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RED SOX NOTEBOOK

David Price starts to throw again

David Price began to throw lightly on Saturday in Fort Myers, Fla. Stan Grossfeld/Globe staff/File

FORT MYERS, Fla. — It’s always big news when your $31 million-per-year pitcher starts throwing a baseball again. It was simply catch in the batting cage but it was a big first step that David Price threw Saturday after receiving clearance from the medical staff to resume light activity.

After undergoing strength tests in his left shoulder and elbow, Price got the green light. When he returns to the mound or in a game is anyone’s guess. But Price said that he will go north and stay with the team until he’s ready to go on a rehab assignment.

The best guess for his return is early May if things continue to improve.

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Price felt tightness and soreness in his forearm/elbow after a Feb. 28 outing and he was diagnosed with an elbow strain and shut down for 10 days. The Sox then slowed the process, wanting to make sure his arm was sound.

Manager John Farrell said Price would continue a throwing program with no set distance or volume determined. “Felt good. Felt normal. No restrictions. Range of motion, no pain, no discomfort doing anything. It’s been good. So it was a good day,” Price said.

"Some guys can handle the DL and be all right, and some guys, the DL’s not meant for them,” Price added. “I feel like I’m one of those guys. It’s tough, but I’m getting through it. I’ve been through this before. It’s not something you want to have to go through, but if you do it the right way and treat it the right way, you can come back stronger and ready to go.”

Price was asked whether the high number of innings he’s pitched over the years might have caught up to him.

“Not really. I feel like once you get to September, August, you’re going to feel the same all the time. I’ve never felt bad in September, August, or October,” he said. “I’ve always felt strong. I work hard, I take care of myself.

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“You look at a lot of guys over the history of baseball, they’ve thrown a lot of innings and been able to stay healthy and have really long careers and stuff of that nature. That’s what I aspire to do. It’s just a little hiccup right here, and I’ll get through it.”

How about pitching at maximum effort all the time? Could that be contributing to his issues?

“I don’t know, man. I don’t have a crystal ball. I don’t think so. I don’t think Nolan Ryan was flipping up heaters up there. He was max effort. Pedro [Martinez] looked to be max effort. Clayton Kershaw, I guess he’s had some problems, but he’s a max-effort guy,” Price said.

Swihart in the mix

Blake Swihart is causing some roster commotion. While it still seems unlikely Swihart could make the team because Christian Vazquez has no minor league options left and Sandy Leon is the projected starter, Farrell said there is a still a three-man competition for the two catching spots.

Swihart, who is hitting .325, will likely start the season as Pawtucket’s starting catcher.

“We haven’t made a final decision as of yet,” Farrell said. “We’re targeting the early part of this coming week to make that call. [Swihart’s] had a strong camp. Not to overlook anyone but he and Marco Hernandez have had a tremendous spring. Our final 25-man roster, though, can’t be based solely on batting average.”

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Farrell, who said that Steven Wright would not have his own personal catcher, feels all three catchers can handle the knuckleball.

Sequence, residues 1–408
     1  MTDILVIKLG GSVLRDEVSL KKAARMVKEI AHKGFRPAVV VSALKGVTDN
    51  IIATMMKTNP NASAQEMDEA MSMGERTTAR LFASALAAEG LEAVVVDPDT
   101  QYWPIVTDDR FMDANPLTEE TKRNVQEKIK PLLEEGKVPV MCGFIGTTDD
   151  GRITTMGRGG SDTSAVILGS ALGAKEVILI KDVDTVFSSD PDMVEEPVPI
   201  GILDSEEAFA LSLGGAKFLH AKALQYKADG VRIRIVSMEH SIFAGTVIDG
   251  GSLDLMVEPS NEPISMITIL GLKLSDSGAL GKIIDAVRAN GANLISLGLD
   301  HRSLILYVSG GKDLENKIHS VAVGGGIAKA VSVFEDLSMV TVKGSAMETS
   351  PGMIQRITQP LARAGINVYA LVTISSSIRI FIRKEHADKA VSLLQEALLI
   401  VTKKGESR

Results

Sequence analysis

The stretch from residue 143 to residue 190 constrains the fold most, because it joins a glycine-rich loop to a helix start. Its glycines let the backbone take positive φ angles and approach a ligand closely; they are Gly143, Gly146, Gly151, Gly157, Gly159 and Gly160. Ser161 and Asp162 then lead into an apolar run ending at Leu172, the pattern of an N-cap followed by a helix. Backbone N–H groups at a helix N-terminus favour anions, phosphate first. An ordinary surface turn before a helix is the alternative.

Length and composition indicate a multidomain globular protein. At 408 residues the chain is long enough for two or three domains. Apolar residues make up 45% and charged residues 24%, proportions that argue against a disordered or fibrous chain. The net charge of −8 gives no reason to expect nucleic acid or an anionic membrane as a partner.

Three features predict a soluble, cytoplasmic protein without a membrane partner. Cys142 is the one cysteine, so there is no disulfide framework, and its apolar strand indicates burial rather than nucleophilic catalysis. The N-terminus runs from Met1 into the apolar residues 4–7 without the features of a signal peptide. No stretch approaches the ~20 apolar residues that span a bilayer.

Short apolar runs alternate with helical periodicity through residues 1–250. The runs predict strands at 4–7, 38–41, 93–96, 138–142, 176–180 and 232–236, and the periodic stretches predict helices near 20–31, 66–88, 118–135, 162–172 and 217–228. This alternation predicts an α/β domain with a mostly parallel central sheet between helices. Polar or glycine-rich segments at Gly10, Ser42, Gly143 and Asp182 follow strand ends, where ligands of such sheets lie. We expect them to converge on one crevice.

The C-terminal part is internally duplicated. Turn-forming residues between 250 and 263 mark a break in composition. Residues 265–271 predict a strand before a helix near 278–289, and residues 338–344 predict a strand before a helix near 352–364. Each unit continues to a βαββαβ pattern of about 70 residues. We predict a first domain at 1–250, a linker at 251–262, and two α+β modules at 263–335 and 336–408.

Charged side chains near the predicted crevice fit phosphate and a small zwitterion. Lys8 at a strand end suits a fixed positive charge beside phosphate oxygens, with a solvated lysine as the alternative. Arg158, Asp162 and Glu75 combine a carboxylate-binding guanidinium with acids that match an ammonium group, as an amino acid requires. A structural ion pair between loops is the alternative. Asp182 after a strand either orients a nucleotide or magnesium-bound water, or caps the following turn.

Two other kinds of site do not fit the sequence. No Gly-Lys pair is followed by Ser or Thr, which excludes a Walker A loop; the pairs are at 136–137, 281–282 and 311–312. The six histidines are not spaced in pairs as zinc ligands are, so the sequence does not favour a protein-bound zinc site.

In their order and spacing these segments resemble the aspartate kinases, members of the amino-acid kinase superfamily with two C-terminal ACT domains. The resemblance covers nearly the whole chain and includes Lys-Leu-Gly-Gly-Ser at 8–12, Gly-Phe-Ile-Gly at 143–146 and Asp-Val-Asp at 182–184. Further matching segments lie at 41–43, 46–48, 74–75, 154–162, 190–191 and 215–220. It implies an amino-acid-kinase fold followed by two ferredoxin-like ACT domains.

Farrell could also be saying this publicly to motivate Leon and Vazquez — to get them going offensively. Leon is hitting .261 and has picked it up lately. Vazquez is hitting .231.

Kendrick does his part

Kyle Kendrick continues to have an strong spring, pitching six innings, allowing eight hits, two runs, with no walks and six strikeouts in the Sox’ 3-3 tie with the visiting Phillies.

“He’s been everything we hoped he’d be when we first signed him,” Farrell said.

Kendrick, who has one more spring start Thursday, was asked if he’s done everything he could do this spring said, “Feel like it. It’s out of my control. All I can do is go out there and pitch. I feel great and I just have to keep it going.”

Kendrick, who will likely start the season in Pawtucket, has contract opt-outs June 15 and Aug. 15.

Thornburg to go Monday

Tyler Thornburg may not make it back for Opening Day. He is scheduled to make his second appearance since returning from arm soreness on Monday. Thornburg threw 20 pitches in his one inning this spring.

While Farrell guesses the reliever may get three appearances before the team breaks for Washington on Thursday, he’s not sure that will be enough to get him on the Opening Day roster.

Sandoval has right stuff

In Port Charlotte in a split-squad game against the Rays, Pablo Sandoval smoked a three-run homer off lefty Blake Snell. It was Sandoval’s first homer against a lefty since August 2014. He’s now hitting .353/.365/.686 with four homers in 16 games this spring. “I’m just focused to keep working hard, keep working in the cage from both sides of the plate. That’s one of the things that I was looking forward to doing in spring training before I got here. I was looking for that swing and that bat speed. I’ve got it,” said Sandoval . . . Josh Rutledge, in competition for a utility infield job, made a nice diving stop on a grounder to his right while playing first base. Rutledge said he last played first in 1996. “Little League,” he said. “Definitely coach-pitch.”

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Alex Speier of the Globe staff contributed from Port Charlotte, Fla. Nick Cafardo can be reached at cafardo @globe.com. Follow him on Twitter @nickcafardo.